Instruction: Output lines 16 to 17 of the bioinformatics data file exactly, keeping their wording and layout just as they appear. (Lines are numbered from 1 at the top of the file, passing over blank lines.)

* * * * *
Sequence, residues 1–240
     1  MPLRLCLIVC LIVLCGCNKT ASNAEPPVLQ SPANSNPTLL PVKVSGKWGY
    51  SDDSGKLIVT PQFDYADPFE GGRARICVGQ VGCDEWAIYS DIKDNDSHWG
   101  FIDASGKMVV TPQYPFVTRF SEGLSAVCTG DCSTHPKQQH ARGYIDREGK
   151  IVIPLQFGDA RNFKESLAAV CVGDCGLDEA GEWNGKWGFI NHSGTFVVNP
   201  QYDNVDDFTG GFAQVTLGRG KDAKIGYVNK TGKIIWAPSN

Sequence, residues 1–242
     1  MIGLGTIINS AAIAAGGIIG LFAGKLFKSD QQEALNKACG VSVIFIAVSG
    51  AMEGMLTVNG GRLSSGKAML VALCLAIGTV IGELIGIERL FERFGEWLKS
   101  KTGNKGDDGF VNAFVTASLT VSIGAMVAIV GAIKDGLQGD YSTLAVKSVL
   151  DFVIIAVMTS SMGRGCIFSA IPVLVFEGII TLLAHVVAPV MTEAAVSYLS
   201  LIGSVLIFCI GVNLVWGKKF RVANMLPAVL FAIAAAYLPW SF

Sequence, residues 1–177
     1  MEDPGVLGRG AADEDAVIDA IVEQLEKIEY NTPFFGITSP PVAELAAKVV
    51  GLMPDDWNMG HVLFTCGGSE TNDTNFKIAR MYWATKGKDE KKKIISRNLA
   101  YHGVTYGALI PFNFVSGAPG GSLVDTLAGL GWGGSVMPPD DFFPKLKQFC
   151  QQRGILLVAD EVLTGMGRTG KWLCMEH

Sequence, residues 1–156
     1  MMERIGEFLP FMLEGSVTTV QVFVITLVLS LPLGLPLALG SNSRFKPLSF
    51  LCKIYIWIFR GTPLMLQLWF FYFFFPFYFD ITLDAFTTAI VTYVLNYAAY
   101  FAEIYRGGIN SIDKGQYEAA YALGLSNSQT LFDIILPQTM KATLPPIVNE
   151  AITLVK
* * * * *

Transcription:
   101  YHGVTYGALI PFNFVSGAPG GSLVDTLAGL GWGGSVMPPD DFFPKLKQFC
   151  QQRGILLVAD EVLTGMGRTG KWLCMEH